1. Skip to navigation
  2. Skip to content
  3. Skip to sidebar
Source link: http://archive.mises.org/8725/the-socialization-of-lending/

The Socialization of Lending

October 7, 2008 by

And this morning, the Fed has deemed it necessary to lend, with no collateral, directly to businesses, thereby repeating in a worse form the very errors of Fannie and Freddie. Clowns with wrecker balls! Comments at the Washington Times are interesting. “Sounds like a great plan, who came up with that? Now I remember, it was Lenin.”

{ 5 comments }

fundamentalist October 7, 2008 at 2:35 pm

The American Spectator web site has a great article on the crisis called “Stop the Debauchery” by Lawrence Hunter. It leads with this quote: “We inflate our paper currency, we repair commerce with unlimited credit, and are presently visited with unlimited bankruptcy.”
– Ralph Waldo Emerson, The Young American, 1844

Sukrit October 7, 2008 at 2:55 pm

Off-topic, but is it possible to subscribe to the Mises Review of books in physical form, or is it only published online?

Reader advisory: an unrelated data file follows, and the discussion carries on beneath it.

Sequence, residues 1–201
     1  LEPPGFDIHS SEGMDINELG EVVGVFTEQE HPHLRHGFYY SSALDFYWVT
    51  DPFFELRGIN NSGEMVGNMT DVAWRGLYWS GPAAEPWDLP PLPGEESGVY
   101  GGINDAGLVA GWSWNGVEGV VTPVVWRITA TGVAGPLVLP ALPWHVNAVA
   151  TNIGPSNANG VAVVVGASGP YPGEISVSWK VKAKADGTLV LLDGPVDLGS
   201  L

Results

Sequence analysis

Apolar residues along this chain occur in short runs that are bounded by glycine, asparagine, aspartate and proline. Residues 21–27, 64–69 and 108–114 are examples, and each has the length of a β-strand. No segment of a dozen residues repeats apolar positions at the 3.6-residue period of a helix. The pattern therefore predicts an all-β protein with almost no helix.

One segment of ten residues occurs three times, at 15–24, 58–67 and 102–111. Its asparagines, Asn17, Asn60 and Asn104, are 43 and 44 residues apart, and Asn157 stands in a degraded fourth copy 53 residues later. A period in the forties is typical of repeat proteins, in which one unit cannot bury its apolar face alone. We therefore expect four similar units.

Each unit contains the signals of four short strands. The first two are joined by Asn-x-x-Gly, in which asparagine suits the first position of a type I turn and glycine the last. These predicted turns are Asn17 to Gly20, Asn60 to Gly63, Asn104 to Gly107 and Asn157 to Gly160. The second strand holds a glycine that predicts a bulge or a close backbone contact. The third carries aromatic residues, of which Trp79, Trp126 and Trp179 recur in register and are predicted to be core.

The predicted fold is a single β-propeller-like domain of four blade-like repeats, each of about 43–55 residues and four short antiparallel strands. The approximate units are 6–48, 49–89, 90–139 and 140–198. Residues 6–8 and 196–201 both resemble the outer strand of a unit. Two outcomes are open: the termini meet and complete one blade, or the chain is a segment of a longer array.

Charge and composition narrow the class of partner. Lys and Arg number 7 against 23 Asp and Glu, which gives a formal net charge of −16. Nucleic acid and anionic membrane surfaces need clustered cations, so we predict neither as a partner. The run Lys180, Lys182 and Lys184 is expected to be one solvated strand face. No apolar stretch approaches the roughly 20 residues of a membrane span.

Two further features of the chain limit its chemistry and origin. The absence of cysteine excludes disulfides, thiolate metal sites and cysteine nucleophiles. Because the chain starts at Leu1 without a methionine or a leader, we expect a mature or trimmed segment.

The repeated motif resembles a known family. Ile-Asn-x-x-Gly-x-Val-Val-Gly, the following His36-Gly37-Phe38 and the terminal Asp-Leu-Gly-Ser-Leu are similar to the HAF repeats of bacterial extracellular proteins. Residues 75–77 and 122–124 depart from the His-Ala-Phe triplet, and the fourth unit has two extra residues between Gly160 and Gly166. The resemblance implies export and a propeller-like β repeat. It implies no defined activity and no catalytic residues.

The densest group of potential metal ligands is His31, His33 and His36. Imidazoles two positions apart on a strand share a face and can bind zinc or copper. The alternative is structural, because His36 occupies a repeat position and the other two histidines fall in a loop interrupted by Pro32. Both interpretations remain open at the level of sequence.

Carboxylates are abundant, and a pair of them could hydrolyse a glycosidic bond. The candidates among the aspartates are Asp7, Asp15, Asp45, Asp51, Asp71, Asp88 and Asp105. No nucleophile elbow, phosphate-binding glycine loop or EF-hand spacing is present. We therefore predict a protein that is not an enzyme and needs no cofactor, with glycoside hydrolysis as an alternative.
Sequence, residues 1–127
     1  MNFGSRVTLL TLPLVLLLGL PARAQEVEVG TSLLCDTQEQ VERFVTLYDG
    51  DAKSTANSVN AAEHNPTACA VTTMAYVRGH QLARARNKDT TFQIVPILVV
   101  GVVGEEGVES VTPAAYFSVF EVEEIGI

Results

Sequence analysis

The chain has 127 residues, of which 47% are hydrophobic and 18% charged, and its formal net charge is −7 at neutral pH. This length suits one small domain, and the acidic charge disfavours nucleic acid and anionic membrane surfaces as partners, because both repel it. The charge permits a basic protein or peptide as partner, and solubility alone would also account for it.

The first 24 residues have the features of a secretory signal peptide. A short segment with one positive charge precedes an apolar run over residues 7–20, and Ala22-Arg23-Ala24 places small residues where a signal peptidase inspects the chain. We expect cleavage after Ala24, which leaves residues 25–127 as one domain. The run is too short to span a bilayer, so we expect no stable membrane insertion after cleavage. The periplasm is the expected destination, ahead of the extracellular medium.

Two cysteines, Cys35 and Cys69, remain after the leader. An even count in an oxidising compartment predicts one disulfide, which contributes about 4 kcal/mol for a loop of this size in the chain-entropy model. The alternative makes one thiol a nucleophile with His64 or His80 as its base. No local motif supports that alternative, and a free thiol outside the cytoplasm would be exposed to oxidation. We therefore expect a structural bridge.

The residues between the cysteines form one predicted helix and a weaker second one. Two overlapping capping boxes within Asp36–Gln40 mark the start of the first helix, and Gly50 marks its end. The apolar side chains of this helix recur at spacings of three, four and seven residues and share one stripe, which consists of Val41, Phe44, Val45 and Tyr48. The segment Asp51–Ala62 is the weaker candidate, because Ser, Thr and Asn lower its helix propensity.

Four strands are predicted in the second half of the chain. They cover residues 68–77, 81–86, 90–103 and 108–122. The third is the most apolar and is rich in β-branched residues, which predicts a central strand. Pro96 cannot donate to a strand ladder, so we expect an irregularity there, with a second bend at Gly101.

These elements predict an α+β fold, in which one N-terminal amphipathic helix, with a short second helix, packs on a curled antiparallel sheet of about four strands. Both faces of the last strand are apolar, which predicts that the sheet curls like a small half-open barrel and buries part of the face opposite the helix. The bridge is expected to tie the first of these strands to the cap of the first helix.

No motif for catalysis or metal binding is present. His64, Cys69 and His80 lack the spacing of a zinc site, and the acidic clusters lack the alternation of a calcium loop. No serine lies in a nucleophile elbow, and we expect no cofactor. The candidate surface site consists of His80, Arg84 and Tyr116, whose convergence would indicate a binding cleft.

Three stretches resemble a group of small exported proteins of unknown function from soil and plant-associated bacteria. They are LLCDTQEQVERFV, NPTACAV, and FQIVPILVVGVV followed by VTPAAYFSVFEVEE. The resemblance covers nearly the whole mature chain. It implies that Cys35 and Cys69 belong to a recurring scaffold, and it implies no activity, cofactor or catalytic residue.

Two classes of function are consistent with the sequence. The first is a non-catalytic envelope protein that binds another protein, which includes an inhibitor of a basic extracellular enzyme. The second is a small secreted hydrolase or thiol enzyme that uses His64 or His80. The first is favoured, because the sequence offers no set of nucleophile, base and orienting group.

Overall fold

Friedrich October 8, 2008 at 12:53 am

I just stumbled upon this page the last few day. I’m glad that at least some do not think that politicians can “heal the world”.

I wrote against this failout, and I wished that they would not try to worsen the problem of having too much money in the system with throwing another few tons….

However it’s interesting that they do not even think of a different approach. At first they burned a few billions (10 – 15) then it worsened. The Failout plan is now about 700 Mrd and growing, to what good?

I guess in a future they will come up with a few trillions “solutions”….

Jeff October 8, 2008 at 6:12 am

He had me for a bit with his rant against government regulation and the free markets, but his solution? More government intervention! No thanks.

Book 'em Danno October 8, 2008 at 10:12 am

Barney Frank, politician, weasel.

Rothbard writes in the introduction of The Case Against the Fed (1994):

” Representative Barney Frank (D., Mass.), a co-sponsor of the Gonzalez bill, points out that “if you take the principles that people are talking about nowadays,” such as “reforming government and opening up government—the Fed violates it more than any other branch of government.” On what basis, then, should the vaunted “principle” of an independent Fed be maintained? ”

(the Gonzalez bill was to introduce auditing the Fed)

Comments on this entry are closed.

Previous post:

Next post: